|Rankoth, Lalith - University Of Missouri|
|Udawatta, Ranjith - University Of Missouri|
|Gantzer, Clark - University Of Missouri|
|Jose, Shibu - University Of Missouri|
Submitted to: Soil Science Society of America Annual Meeting
Publication Type: Abstract Only
Publication Acceptance Date: 12/6/2018
Publication Date: 1/6/2019
Citation: Rankoth, L.M., Udawatta, R.P., Gantzer, C.J., Jose, S., Veum, K.S. 2019. Winter cover crop effects on soil microbial population and community structure in claypan soils with corn-soybean rotation [abstract]. Soil Science Society of America International Meeting, January 6-9, 2019, San Diego, California. Paper 115402.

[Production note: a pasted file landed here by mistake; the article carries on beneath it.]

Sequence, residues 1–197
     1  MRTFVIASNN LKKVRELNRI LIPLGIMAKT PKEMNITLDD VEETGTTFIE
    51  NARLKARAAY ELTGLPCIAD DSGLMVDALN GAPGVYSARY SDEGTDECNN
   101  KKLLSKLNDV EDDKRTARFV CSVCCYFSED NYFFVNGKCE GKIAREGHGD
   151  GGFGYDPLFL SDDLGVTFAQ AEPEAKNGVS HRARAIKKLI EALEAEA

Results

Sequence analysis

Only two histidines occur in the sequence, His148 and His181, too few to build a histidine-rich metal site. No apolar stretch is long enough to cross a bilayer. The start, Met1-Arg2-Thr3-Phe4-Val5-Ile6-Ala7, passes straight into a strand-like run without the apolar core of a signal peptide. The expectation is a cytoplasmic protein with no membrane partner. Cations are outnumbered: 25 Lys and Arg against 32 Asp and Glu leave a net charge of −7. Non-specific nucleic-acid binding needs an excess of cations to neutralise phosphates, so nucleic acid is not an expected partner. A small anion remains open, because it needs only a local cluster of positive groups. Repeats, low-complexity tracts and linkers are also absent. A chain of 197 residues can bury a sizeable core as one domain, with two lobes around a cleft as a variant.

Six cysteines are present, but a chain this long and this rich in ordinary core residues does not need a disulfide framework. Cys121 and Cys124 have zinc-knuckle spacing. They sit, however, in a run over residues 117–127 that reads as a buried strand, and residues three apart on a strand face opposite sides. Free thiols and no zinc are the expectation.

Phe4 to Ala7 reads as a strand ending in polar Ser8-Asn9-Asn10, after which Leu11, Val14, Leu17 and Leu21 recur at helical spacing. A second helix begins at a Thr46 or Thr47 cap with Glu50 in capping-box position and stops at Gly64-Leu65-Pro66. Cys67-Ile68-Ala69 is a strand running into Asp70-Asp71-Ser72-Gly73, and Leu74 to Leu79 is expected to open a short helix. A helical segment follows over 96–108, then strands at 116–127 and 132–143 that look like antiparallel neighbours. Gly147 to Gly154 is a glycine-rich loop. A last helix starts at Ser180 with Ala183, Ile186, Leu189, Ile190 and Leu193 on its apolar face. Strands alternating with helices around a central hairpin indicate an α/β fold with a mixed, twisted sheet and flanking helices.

Technical Abstract: Cover crops (CC) are receiving increased attention due to their potential benefits in farming systems such as organic matter addition and soil quality improvement. Cover crops also maintain an active rhizosphere which provides a good habitat for soil macro- and microorganisms. Soil microorganisms play a major role in soil quality maintenance, thus it is important to identify the effects of CC on soil microbial community structure. The objective of this study was to identify the effects of CC on soil microbial population levels and community structure compared to no cover crop (NCC) management under a corn (Zea maysL.)-soybean (Glycine max (L.) Merr.) rotation system. This study was conducted in 2016, 2017, and 2018 at the Cover Crop Soil Health (CCSH) Research and Demonstration Farm, in Chariton County, Missouri. Six plots were established in 2012; five with CC and one without CC as the control. Soil samples from the 0-10 cm depth were analyzed for phospholipid fatty acid (PLFA) profiles from the cash crop period in 2016 and the CC period in 2017 and 2018. Total microbial biomass and all major microbial categories (bacterial biomass, fungal biomass, and Actinomycetes biomas) were significantly higher (p < 0.05) in the CC treatment compared to NCC in 2016 and 2018. This study contributes to our understanding of short-term CC effects on soil microbial populations.